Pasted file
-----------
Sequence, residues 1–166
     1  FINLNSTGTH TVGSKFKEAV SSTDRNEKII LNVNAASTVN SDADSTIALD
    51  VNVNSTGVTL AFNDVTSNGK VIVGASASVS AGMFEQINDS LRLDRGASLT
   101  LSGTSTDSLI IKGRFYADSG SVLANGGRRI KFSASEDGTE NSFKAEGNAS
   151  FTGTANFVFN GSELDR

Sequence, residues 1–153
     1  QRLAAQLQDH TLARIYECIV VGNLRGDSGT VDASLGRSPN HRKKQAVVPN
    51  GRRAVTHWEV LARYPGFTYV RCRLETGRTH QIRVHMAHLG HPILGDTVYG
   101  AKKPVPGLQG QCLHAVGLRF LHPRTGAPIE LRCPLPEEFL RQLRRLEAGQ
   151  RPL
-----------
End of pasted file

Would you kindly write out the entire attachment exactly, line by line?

Sequence, residues 1–166
     1  FINLNSTGTH TVGSKFKEAV SSTDRNEKII LNVNAASTVN SDADSTIALD
    51  VNVNSTGVTL AFNDVTSNGK VIVGASASVS AGMFEQINDS LRLDRGASLT
   101  LSGTSTDSLI IKGRFYADSG SVLANGGRRI KFSASEDGTE NSFKAEGNAS
   151  FTGTANFVFN GSELDR

Sequence, residues 1–153
     1  QRLAAQLQDH TLARIYECIV VGNLRGDSGT VDASLGRSPN HRKKQAVVPN
    51  GRRAVTHWEV LARYPGFTYV RCRLETGRTH QIRVHMAHLG HPILGDTVYG
   101  AKKPVPGLQG QCLHAVGLRF LHPRTGAPIE LRCPLPEEFL RQLRRLEAGQ
   151  RPL